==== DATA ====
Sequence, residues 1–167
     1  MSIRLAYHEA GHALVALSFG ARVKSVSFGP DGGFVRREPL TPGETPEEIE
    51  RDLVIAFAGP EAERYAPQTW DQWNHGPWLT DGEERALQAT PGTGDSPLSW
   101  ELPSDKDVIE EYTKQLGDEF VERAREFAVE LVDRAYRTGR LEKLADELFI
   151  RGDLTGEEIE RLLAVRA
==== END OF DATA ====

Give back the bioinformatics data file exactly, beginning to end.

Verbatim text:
Sequence, residues 1–167
     1  MSIRLAYHEA GHALVALSFG ARVKSVSFGP DGGFVRREPL TPGETPEEIE
    51  RDLVIAFAGP EAERYAPQTW DQWNHGPWLT DGEERALQAT PGTGDSPLSW
   101  ELPSDKDVIE EYTKQLGDEF VERAREFAVE LVDRAYRTGR LEKLADELFI
   151  RGDLTGEEIE RLLAVRA